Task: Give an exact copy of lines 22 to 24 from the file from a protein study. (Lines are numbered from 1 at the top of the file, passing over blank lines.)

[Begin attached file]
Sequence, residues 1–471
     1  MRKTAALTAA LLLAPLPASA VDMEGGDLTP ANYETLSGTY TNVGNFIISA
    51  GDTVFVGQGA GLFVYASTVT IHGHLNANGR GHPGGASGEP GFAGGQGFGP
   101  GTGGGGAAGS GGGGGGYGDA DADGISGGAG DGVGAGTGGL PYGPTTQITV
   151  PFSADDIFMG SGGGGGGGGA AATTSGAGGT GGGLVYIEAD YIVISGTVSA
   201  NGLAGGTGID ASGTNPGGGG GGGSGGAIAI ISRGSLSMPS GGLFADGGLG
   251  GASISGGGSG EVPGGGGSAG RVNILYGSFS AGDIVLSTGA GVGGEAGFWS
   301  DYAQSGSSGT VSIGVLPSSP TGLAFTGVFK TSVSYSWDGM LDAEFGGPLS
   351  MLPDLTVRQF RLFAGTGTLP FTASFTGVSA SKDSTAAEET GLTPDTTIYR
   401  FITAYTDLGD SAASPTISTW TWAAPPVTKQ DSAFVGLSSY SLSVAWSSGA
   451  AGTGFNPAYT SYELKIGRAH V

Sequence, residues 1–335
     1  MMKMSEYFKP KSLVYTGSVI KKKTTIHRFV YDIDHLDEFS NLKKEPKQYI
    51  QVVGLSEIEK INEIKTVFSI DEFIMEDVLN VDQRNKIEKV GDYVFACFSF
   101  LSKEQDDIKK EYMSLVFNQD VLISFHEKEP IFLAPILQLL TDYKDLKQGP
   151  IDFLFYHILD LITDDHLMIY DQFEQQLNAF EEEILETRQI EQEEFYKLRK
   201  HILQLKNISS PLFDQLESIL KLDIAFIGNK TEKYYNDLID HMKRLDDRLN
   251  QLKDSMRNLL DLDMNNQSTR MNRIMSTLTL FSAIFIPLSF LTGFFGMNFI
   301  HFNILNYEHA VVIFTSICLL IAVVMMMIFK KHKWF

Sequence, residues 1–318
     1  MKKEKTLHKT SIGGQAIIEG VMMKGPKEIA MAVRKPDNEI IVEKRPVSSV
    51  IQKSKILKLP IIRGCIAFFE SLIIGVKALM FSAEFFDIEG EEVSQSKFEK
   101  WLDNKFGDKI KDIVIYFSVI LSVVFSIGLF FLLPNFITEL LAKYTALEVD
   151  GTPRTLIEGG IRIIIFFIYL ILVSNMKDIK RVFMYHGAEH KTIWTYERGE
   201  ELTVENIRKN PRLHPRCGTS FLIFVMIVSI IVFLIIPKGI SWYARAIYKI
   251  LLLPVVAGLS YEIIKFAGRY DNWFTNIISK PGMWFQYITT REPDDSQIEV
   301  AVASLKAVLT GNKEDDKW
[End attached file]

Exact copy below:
    51  IQKSKILKLP IIRGCIAFFE SLIIGVKALM FSAEFFDIEG EEVSQSKFEK
   101  WLDNKFGDKI KDIVIYFSVI LSVVFSIGLF FLLPNFITEL LAKYTALEVD
   151  GTPRTLIEGG IRIIIFFIYL ILVSNMKDIK RVFMYHGAEH KTIWTYERGE